I am a bit of Disney Geek, in the Age of the Geek where does a Disney Geek (DG) fall into the hierarchy of Geekdom?  Where does DG rank on the pecking order in the geek world; higher or lower than Trekies, Browncoats, Star Wars Fans.  How about Boys of the Dwarf, Whovians or Bronies.

But we are here to discuss Disney World versus Disneyland.  I first visited the World in the late 70’s as a kid, back then it was only the Magic Kingdom, EPCOT was in the planning stages and the E Ticket system still existed. (My memory is we chose Pirates of the Caribbean over Jungle Cruise.)  Animal Kingdom and Disney Studios were maybe bouncing around in some Imagineers heads but that was as concrete as they got.

As an adult I have been to the World numerous times seeing all the parks each time, staying on the property four out of those five times. I enjoy Disney not only for the rides, shows and the stories they represent but for the wonderful atmosphere created by the attention to cleanness, service and comfort.   (The Disney Company does have issues, but they do provide a product people want.)

I just returned from California where I had the great experience of visiting the original park, the magical land that Walt Disney himself actually participated in, he entertained there, he slept there and personally had a hand in keeping the parks running by doing spot checks incognito.  I think every DG no matter how many times they visit the other parks around the world still consider it a right of passage to visit the original in Anaheim.

My first impression of the Land it is just as magical as the World.  The attention to detail, the cleanliness the setup, the cast members attitude and of course the rides.  My priority when I arrived was to experience what I could not at the World and what was original to the Land.  First stop, the Indiana Jones Adventure: Temple of the Forbidden Eye, then on to Pirates of the Caribbean (a bit different from the ride in the World), the Matterhorn
followed by a short stop in Mickey’s Toontown for a picture with Mr. M. Mouse.   Unfortunately Space Mountain, The Haunted Mansion and The Disney Railroad were closed due to construction and decorating for Halloween.  (Along the way my daughter and I noted the first time Disney Visitors who had already made purchases they would have to tote around all day, we both commented “Amateurs”, there is always time to buy items at any Disney Park.)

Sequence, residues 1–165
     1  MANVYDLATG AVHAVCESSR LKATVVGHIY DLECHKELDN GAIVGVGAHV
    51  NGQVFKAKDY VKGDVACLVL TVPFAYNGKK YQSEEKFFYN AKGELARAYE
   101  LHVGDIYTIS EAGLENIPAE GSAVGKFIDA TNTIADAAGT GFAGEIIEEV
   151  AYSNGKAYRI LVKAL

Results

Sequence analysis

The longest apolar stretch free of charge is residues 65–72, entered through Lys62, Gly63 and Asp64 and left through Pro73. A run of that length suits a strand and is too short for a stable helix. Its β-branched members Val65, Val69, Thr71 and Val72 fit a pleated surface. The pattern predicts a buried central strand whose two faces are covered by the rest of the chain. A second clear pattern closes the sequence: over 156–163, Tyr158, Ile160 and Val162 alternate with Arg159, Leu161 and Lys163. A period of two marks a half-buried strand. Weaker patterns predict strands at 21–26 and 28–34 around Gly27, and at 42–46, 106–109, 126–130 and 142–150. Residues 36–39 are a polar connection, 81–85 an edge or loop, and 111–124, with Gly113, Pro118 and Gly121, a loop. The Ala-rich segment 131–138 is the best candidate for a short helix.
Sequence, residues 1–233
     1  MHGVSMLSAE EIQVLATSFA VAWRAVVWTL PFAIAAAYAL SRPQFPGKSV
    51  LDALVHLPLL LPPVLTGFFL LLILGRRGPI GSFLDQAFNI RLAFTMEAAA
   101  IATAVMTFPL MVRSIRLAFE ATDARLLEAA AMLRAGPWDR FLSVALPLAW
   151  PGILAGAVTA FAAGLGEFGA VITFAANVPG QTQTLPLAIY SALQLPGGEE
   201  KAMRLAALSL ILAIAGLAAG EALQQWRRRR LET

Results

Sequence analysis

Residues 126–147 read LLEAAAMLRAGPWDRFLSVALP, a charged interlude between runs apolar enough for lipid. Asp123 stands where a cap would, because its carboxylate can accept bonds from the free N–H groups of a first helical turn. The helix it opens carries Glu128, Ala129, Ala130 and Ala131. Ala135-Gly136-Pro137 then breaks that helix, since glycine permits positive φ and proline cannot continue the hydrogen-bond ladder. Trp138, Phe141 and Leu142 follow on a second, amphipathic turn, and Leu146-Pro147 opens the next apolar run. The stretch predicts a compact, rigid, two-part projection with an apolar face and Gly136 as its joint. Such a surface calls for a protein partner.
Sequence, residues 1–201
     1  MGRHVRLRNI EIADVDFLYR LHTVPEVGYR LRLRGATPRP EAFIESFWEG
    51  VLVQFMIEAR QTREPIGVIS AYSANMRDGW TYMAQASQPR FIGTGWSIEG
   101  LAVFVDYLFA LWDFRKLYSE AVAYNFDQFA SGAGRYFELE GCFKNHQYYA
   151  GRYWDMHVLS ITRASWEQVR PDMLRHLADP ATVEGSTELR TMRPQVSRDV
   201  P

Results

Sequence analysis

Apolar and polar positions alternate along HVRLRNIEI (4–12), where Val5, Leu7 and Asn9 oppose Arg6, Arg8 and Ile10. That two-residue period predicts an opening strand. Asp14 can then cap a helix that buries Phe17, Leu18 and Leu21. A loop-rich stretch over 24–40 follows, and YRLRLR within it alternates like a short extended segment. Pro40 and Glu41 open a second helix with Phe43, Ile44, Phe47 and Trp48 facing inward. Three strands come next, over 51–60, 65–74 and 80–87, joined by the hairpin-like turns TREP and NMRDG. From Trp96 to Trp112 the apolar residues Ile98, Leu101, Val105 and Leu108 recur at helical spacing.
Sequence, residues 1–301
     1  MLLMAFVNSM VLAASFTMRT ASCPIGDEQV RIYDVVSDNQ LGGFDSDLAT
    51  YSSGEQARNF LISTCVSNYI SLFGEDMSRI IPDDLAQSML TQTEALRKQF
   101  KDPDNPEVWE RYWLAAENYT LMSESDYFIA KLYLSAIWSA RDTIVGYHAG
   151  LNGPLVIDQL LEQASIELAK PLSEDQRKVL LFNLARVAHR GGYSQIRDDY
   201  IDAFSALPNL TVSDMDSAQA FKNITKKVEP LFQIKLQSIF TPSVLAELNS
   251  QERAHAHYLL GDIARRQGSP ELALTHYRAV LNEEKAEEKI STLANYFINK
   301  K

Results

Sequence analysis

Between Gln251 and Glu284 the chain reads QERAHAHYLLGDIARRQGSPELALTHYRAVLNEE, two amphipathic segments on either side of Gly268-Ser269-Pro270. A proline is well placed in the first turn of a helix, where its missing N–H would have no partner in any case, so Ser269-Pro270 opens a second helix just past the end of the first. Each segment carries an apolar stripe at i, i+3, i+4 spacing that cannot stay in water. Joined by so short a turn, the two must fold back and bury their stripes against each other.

Pirates of the Caribbean Gift Shop, the World, none exists at the Land.

One thing I noticed that was pleasant in the Land is not every ride deposited you into a gift shop, unlike the World where as soon as you walk off a ride you are blitzed with stuffed characters, souvenir mugs and ride themed knick-knacks.


Since I was not partaking in all of the rides I had time to slip over to Disney’s California Adventure Park and enjoy Soarin, the Cars themed land and walking on Paradise Pier. (I had been to the Santa Monica Pier the day before, it was cooler and parking was cheaper.)  I did not do any research before hitting California Adventure, no plan so I  just enjoyed the great things my daughter picked out for us to do. I  appreciated the park and it was great not having a plan and “have to” see things.  I even got to do a little bit with some street performers.  (Had video of my playing a pink tambourine with some Green Army Men from Toy Story but the resolution was low and readers of always get the highest quality, so no video today.)

One thing I love about Disney World is the Monorail, it captured my imagination when I was a kid and ride it every time I visit a park, I even have ridden in the front compartment which unfortunately was stopped in 2005.  Riding on the Land’s Monorail was okay, it is a short ride (only 2.5 miles of dl-monorailtrack vs. 14.5 in the World) The ride is a way to move from the park to the adjacent hotels, but it is primarily an attraction and the first monorail in the United States.  My suggestion though is do not ride it, you don’t see that much of the park and the illusion is actually broken because you see outside of the park, the real world as it is, no Disney Magic lens just Plexiglas looking at Mimi’s Café and the Bus stop for the Manchester/Harbor 460 Line Bus Stop.